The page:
Too much bandwidth
There a few technical issues caused by too much bandwidth. Higher capacitybandwidth, however, typically costs more. Thus, too much bandwidth may not becost effective.
Are you getting the full bandwidth? Find out with PRTG Network Monitor!
Are your service providers giving you the full bandwidth? Is your bandwidthstable? Are there any bandwidth hogs? Find out by using the professionalBandwidth Monitoring Tool PRTG. * Unlimited version of PRTG for 30 days * After 30 days, PRTG reverts to a free version * Or, you can upgrade to a paid license anytimeData Usage Vs Data Speed – Understanding The DifferenceThe data usage vs data speed confusion seems to be a common issue withconsumer based data contracts.There seems to be a general confusion in understanding what you get vs whatyou pay for, especially in wireless (cellular) offerings. Some of the consumerdata product sales staff, who themselves also may not be able to differentiatebetween data speed (bandwidth) and data availability (capacity), are alsousing the terminology in the wrong context. All of this misunderstanding leads to the most common question being askedregarding data :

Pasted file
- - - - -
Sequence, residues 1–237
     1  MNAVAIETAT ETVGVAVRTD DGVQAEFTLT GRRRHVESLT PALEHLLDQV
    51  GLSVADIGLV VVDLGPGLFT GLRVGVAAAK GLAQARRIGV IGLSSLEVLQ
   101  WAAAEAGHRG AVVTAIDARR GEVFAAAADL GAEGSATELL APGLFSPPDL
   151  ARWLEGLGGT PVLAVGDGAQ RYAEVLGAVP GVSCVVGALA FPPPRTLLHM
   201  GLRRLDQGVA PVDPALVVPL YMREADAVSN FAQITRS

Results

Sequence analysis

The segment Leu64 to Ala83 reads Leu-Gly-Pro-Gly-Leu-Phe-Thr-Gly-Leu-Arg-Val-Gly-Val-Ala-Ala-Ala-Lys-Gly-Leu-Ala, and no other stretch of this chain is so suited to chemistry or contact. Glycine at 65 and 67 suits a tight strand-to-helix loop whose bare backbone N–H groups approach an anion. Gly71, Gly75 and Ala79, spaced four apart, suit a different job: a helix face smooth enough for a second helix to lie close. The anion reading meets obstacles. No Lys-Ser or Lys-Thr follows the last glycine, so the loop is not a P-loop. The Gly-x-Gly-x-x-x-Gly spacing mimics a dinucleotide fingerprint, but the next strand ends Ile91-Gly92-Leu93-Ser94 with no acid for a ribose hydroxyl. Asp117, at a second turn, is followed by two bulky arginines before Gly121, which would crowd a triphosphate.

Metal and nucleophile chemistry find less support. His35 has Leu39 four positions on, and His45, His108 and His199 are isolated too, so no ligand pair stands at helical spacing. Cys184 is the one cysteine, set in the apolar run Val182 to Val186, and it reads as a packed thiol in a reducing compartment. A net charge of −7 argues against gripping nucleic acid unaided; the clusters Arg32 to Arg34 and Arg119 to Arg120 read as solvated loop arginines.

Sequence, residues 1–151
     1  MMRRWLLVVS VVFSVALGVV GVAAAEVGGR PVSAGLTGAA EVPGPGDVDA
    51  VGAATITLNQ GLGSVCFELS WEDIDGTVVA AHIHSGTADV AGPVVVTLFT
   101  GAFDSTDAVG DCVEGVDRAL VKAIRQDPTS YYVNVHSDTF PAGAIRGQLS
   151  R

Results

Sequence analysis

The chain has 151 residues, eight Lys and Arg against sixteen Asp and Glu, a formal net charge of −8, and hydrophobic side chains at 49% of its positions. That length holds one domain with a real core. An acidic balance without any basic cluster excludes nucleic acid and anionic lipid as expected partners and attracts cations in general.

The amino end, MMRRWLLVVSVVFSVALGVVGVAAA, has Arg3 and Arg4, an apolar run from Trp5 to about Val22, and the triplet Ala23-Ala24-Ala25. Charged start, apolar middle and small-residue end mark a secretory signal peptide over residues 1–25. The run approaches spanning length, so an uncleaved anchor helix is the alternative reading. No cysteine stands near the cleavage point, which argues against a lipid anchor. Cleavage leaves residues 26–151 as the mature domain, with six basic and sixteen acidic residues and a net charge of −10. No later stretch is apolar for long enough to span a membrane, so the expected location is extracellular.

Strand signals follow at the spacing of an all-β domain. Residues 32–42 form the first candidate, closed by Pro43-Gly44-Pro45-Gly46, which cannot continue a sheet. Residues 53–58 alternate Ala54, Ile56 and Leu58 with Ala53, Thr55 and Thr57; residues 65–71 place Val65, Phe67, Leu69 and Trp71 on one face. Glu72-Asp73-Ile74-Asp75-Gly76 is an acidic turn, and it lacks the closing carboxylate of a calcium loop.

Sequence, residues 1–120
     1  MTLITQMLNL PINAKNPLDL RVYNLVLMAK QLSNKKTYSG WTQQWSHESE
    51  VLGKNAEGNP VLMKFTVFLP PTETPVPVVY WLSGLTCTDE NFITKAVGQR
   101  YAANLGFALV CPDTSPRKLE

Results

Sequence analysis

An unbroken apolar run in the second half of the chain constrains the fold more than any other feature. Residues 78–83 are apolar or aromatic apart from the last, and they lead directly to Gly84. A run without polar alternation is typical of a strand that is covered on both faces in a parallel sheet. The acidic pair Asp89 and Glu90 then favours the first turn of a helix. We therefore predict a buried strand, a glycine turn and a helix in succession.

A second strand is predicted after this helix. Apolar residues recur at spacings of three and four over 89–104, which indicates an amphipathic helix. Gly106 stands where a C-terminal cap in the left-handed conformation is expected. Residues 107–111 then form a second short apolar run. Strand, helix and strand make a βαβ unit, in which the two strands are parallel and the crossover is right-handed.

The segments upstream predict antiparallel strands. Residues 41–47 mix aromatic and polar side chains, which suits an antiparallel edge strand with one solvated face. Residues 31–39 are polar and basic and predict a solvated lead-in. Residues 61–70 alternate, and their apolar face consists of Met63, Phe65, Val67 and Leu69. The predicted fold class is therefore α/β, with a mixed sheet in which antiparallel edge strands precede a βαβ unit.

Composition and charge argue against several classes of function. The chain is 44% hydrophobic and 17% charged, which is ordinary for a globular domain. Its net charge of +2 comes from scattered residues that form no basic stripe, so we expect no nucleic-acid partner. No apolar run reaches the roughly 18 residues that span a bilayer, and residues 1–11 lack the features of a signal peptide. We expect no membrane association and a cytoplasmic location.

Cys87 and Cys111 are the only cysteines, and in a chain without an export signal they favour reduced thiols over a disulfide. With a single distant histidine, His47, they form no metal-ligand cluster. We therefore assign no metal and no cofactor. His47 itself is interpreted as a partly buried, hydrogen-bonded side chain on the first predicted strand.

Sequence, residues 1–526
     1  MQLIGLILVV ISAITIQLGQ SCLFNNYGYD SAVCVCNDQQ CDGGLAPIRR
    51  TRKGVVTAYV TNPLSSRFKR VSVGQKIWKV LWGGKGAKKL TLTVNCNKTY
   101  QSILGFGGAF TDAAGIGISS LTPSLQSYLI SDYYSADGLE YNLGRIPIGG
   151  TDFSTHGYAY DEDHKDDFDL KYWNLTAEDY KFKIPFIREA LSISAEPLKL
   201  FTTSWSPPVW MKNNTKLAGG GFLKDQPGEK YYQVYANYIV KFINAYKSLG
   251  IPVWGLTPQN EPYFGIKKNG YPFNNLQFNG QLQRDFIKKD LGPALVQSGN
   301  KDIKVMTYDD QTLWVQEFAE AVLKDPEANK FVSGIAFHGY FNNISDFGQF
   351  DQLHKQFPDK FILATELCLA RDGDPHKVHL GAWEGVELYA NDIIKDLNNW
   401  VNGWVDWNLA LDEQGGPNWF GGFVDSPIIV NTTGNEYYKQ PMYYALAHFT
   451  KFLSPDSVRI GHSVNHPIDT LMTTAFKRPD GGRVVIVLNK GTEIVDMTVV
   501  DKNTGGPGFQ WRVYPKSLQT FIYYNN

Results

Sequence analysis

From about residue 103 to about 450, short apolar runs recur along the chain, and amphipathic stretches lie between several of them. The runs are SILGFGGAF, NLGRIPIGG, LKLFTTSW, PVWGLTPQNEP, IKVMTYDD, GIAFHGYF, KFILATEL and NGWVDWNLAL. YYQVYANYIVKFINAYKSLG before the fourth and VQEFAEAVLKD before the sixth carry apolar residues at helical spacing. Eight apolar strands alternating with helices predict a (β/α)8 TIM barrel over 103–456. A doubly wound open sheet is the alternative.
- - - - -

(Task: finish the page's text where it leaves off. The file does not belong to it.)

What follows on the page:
Data speed (bandwidth):
This is the understanding of the maximum, and minimum, throughput rate of yourdata contract at the time of use and importantly in your specific location.Put simply, how fast the internet will be where you want to use it?Contracts normally specify the maximum available bandwidth in a variation ofbits per second. These are then measured in either kilobits, megabits,gigabits per second incremented by roughly a 1000 bits per the list. Yourthroughput rate then would be how much data can flow through your link over aspecified period – normally a second. Always understand the fine print aswireless or ADSL type contracts will further differentiate between the“Upload” and the “Download” bandwidth speeds. For most people the downloadspeed is the priority; but as soon as you need 2-way communication or thebigger need to send information to the internet rather than download it, youravailable “Upload” bandwidth suddenly becomes a bottle neck!